Monday, June 4, 2018

Book Review: Maggie's Dare

Maggie's Dare: The Great Awakening (Sisters in Time #3). Norma Jean Lutz. 2005. Barbour. 144 pages. [Source: Review copy]

First sentence: Maggie Baldwin struggled to restrain the excitement bubbling up inside her. Her younger brother, Caleb, at ate eight, could run about the Souder shipyard with abandoned glee. But at age twelve, she was expected to use decorum befitting a lady.

Premise/plot: Maggie cares tremendously what other people think of her. Specifically she cares about what other girls her age--richer girls from prominent families--think of her. She's included, for the most part, but doesn't feel properly IN the in group. She wants to dress like them, talk like them, think like them, essentially be them. But now and then she realizes that she doesn't really think like them, that she's different. One way in which she differs from her friends is that she sees slavery as wrong. They don't. So when she sees her friend's new slave--her friend's first slave--becoming sicker and sicker, she tries to intervene to save her life. (Her father is a doctor. She has been raised to be compassionate--and observant.) Will Maggie learn to be true to herself no matter the risk to her popularity?

My thoughts: I'm not sure this is the best introduction to 'the Great Awakening.' I'm not even sure it's an adequate introduction to 'the Great Awakening.' What we do get is an outsider's perspective from a girl who does little thinking for herself for the first hundred pages. Because her friends look down upon the 'new' revivalist preachers, she does. She parrots whatever they have to say whenever the subject comes up. She ignores what other people have to say on the subject. Even if their experiences are more first-hand. The fact that she does eventually open up her mind--or perhaps I should say the Spirit awakens her mind--is good and nice. But I can't help wishing that Maggie had come to her senses quicker.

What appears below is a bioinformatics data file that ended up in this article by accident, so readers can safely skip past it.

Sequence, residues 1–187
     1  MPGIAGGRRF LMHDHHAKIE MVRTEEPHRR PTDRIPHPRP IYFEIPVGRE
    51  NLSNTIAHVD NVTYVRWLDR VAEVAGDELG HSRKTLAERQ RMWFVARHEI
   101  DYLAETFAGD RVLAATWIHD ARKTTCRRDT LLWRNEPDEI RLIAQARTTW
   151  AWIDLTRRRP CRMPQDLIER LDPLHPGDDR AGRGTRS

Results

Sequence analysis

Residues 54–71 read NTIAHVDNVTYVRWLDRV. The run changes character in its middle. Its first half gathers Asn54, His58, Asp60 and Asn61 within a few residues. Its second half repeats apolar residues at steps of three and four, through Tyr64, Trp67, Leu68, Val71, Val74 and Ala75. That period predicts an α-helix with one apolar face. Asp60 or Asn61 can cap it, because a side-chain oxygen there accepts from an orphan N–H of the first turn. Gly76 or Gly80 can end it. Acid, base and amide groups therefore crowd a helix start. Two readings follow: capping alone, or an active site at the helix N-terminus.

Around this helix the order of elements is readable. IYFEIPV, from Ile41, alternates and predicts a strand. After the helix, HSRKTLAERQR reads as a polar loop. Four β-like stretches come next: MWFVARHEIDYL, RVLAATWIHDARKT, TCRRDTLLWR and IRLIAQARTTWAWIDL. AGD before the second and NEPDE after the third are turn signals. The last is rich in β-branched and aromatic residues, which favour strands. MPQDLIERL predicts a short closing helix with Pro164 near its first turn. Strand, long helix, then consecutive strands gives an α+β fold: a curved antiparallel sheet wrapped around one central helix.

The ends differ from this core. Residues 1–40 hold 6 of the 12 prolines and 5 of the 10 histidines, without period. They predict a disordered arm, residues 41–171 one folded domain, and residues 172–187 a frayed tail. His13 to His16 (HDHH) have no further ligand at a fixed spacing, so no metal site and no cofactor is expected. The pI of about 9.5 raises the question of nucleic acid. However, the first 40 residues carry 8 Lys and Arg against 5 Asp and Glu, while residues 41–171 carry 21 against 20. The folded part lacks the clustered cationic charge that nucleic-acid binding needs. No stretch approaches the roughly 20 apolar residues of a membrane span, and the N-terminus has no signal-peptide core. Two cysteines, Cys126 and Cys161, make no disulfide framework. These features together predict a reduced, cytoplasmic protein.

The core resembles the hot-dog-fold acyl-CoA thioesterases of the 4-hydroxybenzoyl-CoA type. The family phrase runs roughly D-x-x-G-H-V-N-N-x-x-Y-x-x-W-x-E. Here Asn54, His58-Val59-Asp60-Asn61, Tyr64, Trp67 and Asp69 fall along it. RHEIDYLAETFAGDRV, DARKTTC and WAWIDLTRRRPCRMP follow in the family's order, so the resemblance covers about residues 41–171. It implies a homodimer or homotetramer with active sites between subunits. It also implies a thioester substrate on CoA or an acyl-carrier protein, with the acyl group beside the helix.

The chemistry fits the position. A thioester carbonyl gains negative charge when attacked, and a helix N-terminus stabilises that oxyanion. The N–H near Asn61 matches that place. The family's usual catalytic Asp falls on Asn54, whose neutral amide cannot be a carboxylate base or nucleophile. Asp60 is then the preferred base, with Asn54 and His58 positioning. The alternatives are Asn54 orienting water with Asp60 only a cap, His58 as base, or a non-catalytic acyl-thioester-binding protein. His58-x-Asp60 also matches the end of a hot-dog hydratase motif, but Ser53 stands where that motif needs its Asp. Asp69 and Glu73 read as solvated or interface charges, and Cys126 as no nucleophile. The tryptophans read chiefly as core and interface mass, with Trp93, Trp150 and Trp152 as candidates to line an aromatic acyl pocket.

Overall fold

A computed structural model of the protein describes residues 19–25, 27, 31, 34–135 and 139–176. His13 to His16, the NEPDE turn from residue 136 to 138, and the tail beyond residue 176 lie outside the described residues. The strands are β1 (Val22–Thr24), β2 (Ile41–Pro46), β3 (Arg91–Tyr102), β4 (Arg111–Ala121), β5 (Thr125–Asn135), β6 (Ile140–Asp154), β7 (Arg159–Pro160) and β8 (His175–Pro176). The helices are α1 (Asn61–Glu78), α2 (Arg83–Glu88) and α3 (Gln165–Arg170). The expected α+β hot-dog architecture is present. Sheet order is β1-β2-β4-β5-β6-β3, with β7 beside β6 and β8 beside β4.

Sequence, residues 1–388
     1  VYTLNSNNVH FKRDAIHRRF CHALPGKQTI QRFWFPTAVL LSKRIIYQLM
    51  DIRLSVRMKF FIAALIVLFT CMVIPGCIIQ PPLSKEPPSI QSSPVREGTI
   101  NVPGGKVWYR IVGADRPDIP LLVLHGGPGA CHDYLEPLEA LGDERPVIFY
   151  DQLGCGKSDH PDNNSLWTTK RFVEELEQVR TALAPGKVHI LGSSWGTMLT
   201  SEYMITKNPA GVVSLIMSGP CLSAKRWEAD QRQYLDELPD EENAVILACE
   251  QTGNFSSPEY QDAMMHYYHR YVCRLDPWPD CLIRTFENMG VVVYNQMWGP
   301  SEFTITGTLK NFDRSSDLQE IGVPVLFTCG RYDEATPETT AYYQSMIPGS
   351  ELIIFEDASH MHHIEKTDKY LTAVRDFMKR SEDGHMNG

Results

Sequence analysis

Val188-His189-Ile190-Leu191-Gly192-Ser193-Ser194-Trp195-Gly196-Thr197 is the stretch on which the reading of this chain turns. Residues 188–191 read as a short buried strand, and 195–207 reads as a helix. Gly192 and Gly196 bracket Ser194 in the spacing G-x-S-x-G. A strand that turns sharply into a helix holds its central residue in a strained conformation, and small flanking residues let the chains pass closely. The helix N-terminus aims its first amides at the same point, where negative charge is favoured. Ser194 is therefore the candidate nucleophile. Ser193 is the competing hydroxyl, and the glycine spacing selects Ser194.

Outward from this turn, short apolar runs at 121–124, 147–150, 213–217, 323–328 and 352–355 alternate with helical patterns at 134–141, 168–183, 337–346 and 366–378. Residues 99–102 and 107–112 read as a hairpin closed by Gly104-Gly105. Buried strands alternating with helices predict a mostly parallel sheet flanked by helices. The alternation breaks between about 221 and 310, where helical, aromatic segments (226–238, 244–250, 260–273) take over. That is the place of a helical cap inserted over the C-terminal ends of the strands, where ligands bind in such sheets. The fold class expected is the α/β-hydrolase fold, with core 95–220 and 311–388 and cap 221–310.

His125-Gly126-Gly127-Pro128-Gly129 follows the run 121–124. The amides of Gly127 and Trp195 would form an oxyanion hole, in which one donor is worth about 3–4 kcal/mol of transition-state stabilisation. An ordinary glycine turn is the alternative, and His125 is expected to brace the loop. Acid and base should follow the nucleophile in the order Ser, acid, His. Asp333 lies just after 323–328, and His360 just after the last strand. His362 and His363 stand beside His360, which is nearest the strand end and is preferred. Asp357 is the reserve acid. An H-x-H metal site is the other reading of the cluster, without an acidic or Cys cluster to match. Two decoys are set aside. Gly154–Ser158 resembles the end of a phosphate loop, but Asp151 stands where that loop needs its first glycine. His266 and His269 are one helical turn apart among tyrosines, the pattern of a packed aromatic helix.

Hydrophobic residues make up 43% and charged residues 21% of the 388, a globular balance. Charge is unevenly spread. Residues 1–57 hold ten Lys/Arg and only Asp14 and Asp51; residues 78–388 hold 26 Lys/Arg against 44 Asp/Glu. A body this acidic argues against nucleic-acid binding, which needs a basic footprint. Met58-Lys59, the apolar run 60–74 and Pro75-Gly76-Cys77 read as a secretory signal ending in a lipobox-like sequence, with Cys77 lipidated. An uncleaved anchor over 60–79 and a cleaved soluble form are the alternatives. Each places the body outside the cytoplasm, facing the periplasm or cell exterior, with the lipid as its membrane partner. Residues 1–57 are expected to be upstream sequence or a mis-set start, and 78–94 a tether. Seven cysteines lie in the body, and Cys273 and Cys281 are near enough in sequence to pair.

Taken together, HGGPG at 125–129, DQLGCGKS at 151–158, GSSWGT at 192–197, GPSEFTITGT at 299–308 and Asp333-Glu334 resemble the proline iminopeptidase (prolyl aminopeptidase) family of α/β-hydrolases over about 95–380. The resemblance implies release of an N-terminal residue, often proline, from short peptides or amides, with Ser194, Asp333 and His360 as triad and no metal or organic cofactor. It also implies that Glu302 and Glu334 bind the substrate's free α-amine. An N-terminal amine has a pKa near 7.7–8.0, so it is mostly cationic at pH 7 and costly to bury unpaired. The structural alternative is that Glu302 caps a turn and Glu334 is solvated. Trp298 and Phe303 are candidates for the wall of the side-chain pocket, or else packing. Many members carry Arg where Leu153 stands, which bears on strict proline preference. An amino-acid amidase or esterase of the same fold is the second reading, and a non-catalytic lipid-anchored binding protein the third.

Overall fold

The book may or may not be set in 1744. The cover says 1744. But I could have sworn that some sentence in the book dates it in either 1740 or 1741. I can't find it now. But I remember reading it and it sticking out as odd. I want to say it was discussion about Christmas or the New Year.

I liked plenty of the characters in this one--just not Maggie, until the end.

© Becky Laney of Operation Actually Read Bible

1 comment:

Rocket Man said...

Matthew 17
[15] Lord, have mercy on my son: for he is lunatick, and sore vexed: for ofttimes he falleth into the fire, and oft into the water.
[16] And I brought him to thy disciples, and they could not cure him.
[17] Then Jesus answered and said, O faithless and perverse generation, how long shall I be with you? how long shall I suffer you? bring him hither to me.
[18] And Jesus rebuked the devil; and he departed out of him: and the child was cured from that very hour.

Revelation 17
[15] And he saith unto me, The waters which thou sawest, where the whore sitteth, are peoples, and multitudes, and nations, and tongues.
[16] And the ten horns which thou sawest upon the beast, these shall hate the whore, and shall make her desolate and naked, and shall eat her flesh, and burn her with fire.



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